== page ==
Variable and asymmetric range of enslaving: fingers can act independently over small range of flexion

J.C. van den Noort, G. Cymbalyuk (Editor), Nathalie van Beek, Thomas van der Kraan, DirkJan H.E.J. Veeger, Dick F. Stegeman, Petrus H. Veltink, Huub Maas

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Abstract

The variability in the numerous tasks in which we use our hands is very large. However, independent movement control of individual fingers is limited. To assess the extent of finger independency during full-range finger flexion including all finger joints, we studied enslaving movement in non-instructed fingers) and range of independent finger movement through the whole finger flexion trajectory in single and multi-finger movement tasks. Thirteen young healthy subjects performed single- and multi-finger movement tasks under two conditions: active flexion through the full range of movement with all fingers free to move and active flexion while the non-instructed finger(s) were restrained. Finger kinematics were measured using inertial sensors (PowerGlove), to assess enslaving and range of independent finger movement. Although all fingers showed enslaving movement to some extent, highest enslaving was found in adjacent fingers. Enslaving effects in ring and little finger were increased with movement of additional, non-adjacent fingers. The middle finger was the only finger affected by restriction in movement of non-instructed fingers. Each finger showed a range of independent movement before the non-instructed fingers started to move, which was largest for the index finger. The start of enslaving was asymmetrical for adjacent fingers. Little finger enslaving movement was affected by multi-finger movement. We conclude that no finger can move independently through the full range of finger flexion, although some degree of full independence is present for smaller movements. This range of independent movement is asymmetric and variable between fingers and between subjects. The presented results provide insight into the role of finger independency for different types of tasks and populations.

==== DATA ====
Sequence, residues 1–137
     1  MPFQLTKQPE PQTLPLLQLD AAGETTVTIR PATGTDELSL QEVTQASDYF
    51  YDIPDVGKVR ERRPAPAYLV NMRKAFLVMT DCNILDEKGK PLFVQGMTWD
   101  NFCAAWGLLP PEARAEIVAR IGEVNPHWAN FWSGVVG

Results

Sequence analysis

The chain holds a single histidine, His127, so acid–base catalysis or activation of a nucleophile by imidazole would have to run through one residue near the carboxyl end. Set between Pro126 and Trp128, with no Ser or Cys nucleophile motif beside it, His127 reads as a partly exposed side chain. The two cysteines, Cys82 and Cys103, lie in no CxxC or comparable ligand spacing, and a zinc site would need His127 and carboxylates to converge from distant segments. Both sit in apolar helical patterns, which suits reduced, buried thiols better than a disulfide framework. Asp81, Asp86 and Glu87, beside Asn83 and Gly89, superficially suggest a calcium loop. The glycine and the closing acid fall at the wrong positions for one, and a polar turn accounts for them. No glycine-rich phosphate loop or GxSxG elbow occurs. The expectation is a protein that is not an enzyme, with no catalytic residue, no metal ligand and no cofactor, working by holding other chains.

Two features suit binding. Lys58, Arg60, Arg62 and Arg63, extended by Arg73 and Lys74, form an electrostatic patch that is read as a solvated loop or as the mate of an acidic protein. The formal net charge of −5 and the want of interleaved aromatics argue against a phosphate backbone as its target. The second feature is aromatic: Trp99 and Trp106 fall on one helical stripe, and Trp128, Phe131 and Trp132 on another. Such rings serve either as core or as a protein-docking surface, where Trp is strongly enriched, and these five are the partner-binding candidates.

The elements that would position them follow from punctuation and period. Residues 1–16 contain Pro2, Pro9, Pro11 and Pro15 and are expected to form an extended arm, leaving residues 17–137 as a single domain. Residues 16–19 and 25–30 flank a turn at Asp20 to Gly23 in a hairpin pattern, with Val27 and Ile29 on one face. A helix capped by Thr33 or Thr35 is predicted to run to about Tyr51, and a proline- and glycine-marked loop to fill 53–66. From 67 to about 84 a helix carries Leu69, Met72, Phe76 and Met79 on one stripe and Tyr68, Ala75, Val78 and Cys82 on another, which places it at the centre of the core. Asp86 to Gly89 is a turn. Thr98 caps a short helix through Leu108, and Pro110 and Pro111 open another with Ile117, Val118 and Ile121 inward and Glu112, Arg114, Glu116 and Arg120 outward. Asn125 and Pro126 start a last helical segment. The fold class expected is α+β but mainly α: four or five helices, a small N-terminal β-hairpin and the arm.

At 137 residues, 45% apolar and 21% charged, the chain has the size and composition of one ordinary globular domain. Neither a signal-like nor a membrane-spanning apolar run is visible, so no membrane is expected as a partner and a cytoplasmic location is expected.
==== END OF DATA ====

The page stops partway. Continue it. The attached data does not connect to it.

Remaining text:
Original languageEnglish
Pages (from-to)0168636
Number of pages18
JournalPLoS ONE
Volume11
Issue number12
DOIs
Publication statusPublished - 19 Dec 2016

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kinematics
Fingers
trajectories
Kinematics
hands
Trajectories
Sensors

Keywords

  • EWI-27622
  • IR-103194
  • METIS-321682
  • PowerGlove

Cite this

van den Noort, J. C., Cymbalyuk, G. (Ed.), van Beek, N., van der Kraan, T., Veeger, D. H. E. J., Stegeman, D. F., ... Maas, H. (2016). Variable and asymmetric range of enslaving: fingers can act independently over small range of flexion. PLoS ONE, 11(12), 0168636. https://doi.org/10.1371/journal.pone.0168636
van den Noort, J.C. ; Cymbalyuk, G. (Editor) ; van Beek, Nathalie ; van der Kraan, Thomas ; Veeger, DirkJan H.E.J. ; Stegeman, Dick F. ; Veltink, Petrus H. ; Maas, Huub. / Variable and asymmetric range of enslaving: fingers can act independently over small range of flexion. In: PLoS ONE. 2016 ; Vol. 11, No. 12. pp. 0168636.
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abstract = "The variability in the numerous tasks in which we use our hands is very large. However, independent movement control of individual fingers is limited. To assess the extent of finger independency during full-range finger flexion including all finger joints, we studied enslaving movement in non-instructed fingers) and range of independent finger movement through the whole finger flexion trajectory in single and multi-finger movement tasks. Thirteen young healthy subjects performed single- and multi-finger movement tasks under two conditions: active flexion through the full range of movement with all fingers free to move and active flexion while the non-instructed finger(s) were restrained. Finger kinematics were measured using inertial sensors (PowerGlove), to assess enslaving and range of independent finger movement. Although all fingers showed enslaving movement to some extent, highest enslaving was found in adjacent fingers. Enslaving effects in ring and little finger were increased with movement of additional, non-adjacent fingers. The middle finger was the only finger affected by restriction in movement of non-instructed fingers. Each finger showed a range of independent movement before the non-instructed fingers started to move, which was largest for the index finger. The start of enslaving was asymmetrical for adjacent fingers. Little finger enslaving movement was affected by multi-finger movement. We conclude that no finger can move independently through the full range of finger flexion, although some degree of full independence is present for smaller movements. This range of independent movement is asymmetric and variable between fingers and between subjects. The presented results provide insight into the role of finger independency for different types of tasks and populations.",